Outside of possibly LSU, no program was forced to live with a dismal conclusion to the 2011 season more than Clemson. The Tigers were beaten 70-33 by West Virginia in the Orange Bowl, and reminded of that fact daily in the eight months between January and the opener against Auburn.
With that result fresh in their minds, Clemson head coach Dabo Swinney reminded his team that, win or lose, they would again have to live with the conclusion for the next eight months ahead.
Clemson appeared headed down a familiar path when Sammy Watkins was injured and fumble on the second play from scrimmage, and LSU’s Michael Ford raced to the end zone two plays after that. But Swinney’s team battled for 60 minutes and outscored LSU 12-0 in the fourth quarter, capped by Chandler Cantzaro’s 37-yard field goal as time expired.
“You can’t win 12 until you win 11,” Swinney told the Charleston (S.C.) Post and Courier. “You can’t win a national championship until you learn how to win games like this. … They fought every fricking play. They played with a lot of love and toughness. (LSU) is a national championship team.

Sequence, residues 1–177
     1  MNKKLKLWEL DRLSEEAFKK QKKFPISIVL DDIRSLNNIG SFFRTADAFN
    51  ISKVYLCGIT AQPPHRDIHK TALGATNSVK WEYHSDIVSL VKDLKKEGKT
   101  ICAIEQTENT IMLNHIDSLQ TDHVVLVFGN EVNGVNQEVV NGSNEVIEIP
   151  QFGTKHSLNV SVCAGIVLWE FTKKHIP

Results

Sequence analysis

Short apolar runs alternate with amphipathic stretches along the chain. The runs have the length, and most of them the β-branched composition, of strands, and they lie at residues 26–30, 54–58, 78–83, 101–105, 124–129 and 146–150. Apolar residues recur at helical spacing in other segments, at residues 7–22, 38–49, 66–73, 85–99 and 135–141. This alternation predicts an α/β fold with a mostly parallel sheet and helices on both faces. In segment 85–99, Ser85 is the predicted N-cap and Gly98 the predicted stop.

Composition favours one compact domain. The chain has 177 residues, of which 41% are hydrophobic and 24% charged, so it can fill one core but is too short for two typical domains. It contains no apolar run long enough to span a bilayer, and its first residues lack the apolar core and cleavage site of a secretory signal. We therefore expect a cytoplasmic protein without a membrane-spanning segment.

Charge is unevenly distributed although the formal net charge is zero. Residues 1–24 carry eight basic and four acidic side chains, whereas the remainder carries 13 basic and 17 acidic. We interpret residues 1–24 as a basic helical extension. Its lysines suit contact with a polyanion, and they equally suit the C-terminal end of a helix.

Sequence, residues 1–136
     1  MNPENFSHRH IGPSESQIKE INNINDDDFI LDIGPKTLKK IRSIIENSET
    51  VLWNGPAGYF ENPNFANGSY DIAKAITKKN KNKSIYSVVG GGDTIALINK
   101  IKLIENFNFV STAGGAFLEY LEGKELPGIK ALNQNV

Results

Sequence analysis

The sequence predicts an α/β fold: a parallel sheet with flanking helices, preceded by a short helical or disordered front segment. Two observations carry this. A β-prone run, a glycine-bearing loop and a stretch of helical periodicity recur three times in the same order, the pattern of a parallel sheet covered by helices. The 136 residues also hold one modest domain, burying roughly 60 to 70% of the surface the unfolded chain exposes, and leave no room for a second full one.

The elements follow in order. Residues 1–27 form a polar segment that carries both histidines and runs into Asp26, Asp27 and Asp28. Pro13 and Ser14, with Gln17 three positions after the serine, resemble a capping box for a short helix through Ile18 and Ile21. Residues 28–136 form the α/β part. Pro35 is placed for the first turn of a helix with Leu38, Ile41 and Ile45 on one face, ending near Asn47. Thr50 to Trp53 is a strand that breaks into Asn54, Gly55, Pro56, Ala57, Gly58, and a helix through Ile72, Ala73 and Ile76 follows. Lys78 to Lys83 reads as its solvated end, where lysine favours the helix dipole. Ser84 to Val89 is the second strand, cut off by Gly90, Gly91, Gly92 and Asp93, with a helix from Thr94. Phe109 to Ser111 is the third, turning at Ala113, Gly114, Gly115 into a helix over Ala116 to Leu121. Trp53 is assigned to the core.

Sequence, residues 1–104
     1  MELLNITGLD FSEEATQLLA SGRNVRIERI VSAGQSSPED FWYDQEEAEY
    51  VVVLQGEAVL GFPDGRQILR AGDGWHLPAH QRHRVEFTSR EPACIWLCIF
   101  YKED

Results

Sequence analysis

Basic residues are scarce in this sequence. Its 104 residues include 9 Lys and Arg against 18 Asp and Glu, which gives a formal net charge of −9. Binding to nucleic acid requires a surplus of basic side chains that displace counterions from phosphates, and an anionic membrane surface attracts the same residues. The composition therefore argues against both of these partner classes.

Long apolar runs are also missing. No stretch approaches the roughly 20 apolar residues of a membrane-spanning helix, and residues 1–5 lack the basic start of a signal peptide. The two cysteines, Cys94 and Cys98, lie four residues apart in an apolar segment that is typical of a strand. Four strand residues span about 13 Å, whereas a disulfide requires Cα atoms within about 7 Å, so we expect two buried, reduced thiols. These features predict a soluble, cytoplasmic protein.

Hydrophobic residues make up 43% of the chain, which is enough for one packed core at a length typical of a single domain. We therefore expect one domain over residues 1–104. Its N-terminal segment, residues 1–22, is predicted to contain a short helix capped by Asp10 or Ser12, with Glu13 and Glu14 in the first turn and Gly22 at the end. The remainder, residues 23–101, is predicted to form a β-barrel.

“This was a landmark win.”
After taking over the Clemson program at the midpoint of the 2008 season, Swinney has lifted the Tigers steadily up the ladder. There was Clemson’s ACC title game appearance in 2009. Then there was the program’s first ACC title in 20 years in 2011.
The Chick-fil-A Bowl win figures to wrap up Clemson’s first top 10 finish since 1990 and clinched the program’s first 11-win season since 1981.
So, yes, Swinney and co. are breaking down plenty of important, long-held barriers, and a younger, equally important one: a pleasant landing to the off-season.